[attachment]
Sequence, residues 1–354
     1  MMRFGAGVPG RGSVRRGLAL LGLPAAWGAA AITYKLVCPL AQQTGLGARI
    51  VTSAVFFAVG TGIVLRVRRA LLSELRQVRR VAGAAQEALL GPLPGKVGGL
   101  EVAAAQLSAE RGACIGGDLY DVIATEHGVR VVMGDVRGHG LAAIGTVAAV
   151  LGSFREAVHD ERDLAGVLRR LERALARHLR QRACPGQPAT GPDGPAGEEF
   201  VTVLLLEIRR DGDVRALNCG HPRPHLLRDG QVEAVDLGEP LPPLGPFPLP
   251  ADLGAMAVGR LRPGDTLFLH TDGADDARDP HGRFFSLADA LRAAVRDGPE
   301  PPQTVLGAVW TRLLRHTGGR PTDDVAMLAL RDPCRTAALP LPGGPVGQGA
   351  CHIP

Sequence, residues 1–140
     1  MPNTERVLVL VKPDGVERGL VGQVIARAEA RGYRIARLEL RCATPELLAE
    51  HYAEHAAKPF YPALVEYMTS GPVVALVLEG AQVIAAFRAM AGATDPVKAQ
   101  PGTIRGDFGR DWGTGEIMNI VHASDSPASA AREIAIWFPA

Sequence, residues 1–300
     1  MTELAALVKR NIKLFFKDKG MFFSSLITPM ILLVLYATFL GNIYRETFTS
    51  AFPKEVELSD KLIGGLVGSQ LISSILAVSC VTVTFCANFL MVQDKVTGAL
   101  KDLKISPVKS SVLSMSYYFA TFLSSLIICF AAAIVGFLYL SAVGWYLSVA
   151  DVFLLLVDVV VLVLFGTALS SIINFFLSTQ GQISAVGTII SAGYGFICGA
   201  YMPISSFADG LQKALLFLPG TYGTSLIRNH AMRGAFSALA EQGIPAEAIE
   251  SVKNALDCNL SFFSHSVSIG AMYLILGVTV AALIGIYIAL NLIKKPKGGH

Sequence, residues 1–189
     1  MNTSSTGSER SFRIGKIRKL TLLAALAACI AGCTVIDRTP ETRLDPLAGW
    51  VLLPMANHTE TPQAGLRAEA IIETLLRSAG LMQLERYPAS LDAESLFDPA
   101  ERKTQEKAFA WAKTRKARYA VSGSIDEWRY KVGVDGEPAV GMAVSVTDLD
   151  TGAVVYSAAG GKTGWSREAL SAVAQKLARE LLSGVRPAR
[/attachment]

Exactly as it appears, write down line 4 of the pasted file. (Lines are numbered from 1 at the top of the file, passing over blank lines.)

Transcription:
   101  EVAAAQLSAE RGACIGGDLY DVIATEHGVR VVMGDVRGHG LAAIGTVAAV